Happy New Year from the Working Stiffs. It is my pleasure to kick off the New Year for the Working Stiffs. I planned on talking about beginnings, but something diverted my attention to ends.
So, why talk about ends? Well, we did just close the cover on 2010 and I wanted to stay away from beginnings and New Year’s Resolutions, especially since I didn’t come up with any for myself. Okay, I do have a goal to finish my current work in progress, but it isn’t a formal resolution.
The real reason for talking about ends, or endings to be more exact, is because I received a Blu-Ray copy of the movie Inception for Christmas and finally watched it the other day. For those of you who don’t know, Inception, with Leonardo DiCaprio is about… Well, I think it’s about the process of entering dreams and stealing ideas when the mind can be manipulated.
The special effects were phenomenal. In fact, the movie was worth watching just for the effects. I’ve watched the movie twice and I’m still not sure I really know what it is that I watched. There seems to be a raging controversy about the movie on the Internet. Many people have postulated various meanings; one being that the entire movie was Cobb’s (Leonardo’s character) dream. Did the Christopher Nolan intentionally try to confuse us by ending the movie without clearly wrapping things up all nice and tidy? Or did he think that the storyline was nice and tidy and the audience is trying to read things into it that weren’t meant to be read into it? In Inception’s case, I think the movie divided the audience into two camps. If you like stories that are clearly wrapped up and have everything nicely explained in the end, then you didn’t like Inception. On the other hand, if you like ambiguous storylines that let you interpret the outcome, well, you should go out and watch Inception immediately. That probably explains the wide variability in the reviews the movie received.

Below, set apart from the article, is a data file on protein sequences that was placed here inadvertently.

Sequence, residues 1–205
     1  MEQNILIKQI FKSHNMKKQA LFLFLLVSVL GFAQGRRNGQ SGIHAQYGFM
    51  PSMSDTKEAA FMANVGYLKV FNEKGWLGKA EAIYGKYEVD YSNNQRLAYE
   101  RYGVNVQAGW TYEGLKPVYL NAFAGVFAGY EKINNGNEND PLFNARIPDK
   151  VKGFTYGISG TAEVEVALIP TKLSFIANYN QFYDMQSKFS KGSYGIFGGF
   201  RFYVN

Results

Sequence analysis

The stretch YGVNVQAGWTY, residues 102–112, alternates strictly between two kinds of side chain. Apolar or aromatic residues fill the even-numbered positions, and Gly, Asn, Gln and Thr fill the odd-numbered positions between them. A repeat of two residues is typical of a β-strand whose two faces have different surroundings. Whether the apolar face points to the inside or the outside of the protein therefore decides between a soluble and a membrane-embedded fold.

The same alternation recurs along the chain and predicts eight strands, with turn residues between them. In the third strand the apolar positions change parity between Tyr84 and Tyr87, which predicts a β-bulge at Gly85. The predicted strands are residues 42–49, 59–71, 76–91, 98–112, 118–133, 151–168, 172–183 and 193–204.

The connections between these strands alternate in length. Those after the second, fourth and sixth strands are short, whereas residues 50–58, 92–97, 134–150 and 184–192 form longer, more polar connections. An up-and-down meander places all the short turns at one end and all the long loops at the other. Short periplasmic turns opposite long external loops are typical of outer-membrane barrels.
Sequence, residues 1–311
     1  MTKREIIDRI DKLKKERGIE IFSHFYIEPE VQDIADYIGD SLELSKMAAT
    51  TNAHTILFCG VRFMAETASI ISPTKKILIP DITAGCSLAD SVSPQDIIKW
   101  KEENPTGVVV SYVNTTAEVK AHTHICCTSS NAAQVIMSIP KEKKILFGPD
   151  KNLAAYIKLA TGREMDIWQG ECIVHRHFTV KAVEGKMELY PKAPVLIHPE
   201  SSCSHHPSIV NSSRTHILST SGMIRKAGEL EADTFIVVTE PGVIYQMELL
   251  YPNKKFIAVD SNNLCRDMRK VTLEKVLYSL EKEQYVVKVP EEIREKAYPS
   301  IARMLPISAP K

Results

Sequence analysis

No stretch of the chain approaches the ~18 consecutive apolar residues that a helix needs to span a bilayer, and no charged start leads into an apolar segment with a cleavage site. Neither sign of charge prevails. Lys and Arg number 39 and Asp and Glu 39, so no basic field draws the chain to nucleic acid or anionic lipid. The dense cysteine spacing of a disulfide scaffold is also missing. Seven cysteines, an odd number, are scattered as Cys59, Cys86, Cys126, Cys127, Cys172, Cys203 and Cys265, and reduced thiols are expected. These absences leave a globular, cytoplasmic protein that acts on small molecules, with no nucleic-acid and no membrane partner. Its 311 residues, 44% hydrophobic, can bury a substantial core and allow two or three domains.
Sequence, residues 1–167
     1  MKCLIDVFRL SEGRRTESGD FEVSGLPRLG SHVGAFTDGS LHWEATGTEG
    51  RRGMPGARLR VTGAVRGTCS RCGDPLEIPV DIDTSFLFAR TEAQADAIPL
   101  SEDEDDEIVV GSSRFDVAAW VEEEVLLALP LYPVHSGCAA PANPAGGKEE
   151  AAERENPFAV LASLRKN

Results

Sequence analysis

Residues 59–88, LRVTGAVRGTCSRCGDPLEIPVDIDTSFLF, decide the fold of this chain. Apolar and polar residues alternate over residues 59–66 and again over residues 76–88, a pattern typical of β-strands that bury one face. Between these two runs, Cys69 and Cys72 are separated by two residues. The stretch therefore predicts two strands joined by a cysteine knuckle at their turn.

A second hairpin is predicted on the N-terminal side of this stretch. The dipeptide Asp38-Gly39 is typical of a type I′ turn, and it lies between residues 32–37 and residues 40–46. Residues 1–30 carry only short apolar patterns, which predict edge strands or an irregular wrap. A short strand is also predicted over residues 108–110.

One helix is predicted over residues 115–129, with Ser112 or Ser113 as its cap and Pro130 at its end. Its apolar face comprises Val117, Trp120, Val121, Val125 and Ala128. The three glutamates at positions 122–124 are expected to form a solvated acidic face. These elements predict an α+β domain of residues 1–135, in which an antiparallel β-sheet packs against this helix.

I’ve heard that many novice authors find it difficult to carry a story through to completion without leaving loose ends dangling. That is a whole different issue than intentionally leaving an ending open for interpretation. One is inexperience or lazy writing, the other is an issue of style.
For me, I don’t mind movies and books that leave endings to interpretations. It’s kind of like not describing a character in detail, leaving the reader to decide for himself/herself what the character looks like. My wife, on the other hand, hates movies or books that don’t have everything wrapped up in the end.
On the other hand, what I do not like is movies or books without a clear ending. I may not be able to state this clearly, but a good example was the 2nd in the Pirates of the Caribbean movie trilogy. Nothing was resolved at the end. It just served as a cliffhanger for the third movie.
So how about you? Do you like books/movies that give you the freedom to interpret the ending? Or would you rather have the author do all the work?
If you did see Inception, read on… If you didn’t and you plan on seeing it, stop reading now.
It is my opinion that the entire movie was Cobb’s demented dream or it was all in his mind. The subtle clue I focused on was that we were given glimpses of Cobb’s children in his dreams. They were always kneeling in the grass in the same clothes and in the same position. At the very end of the movie, in Cobb’s reality, we see him finally walking out of the back door to see his kids. Low and behold, they are in the same grass in the same position and in the same clothes. If you saw the movie, you’ll know what I mean.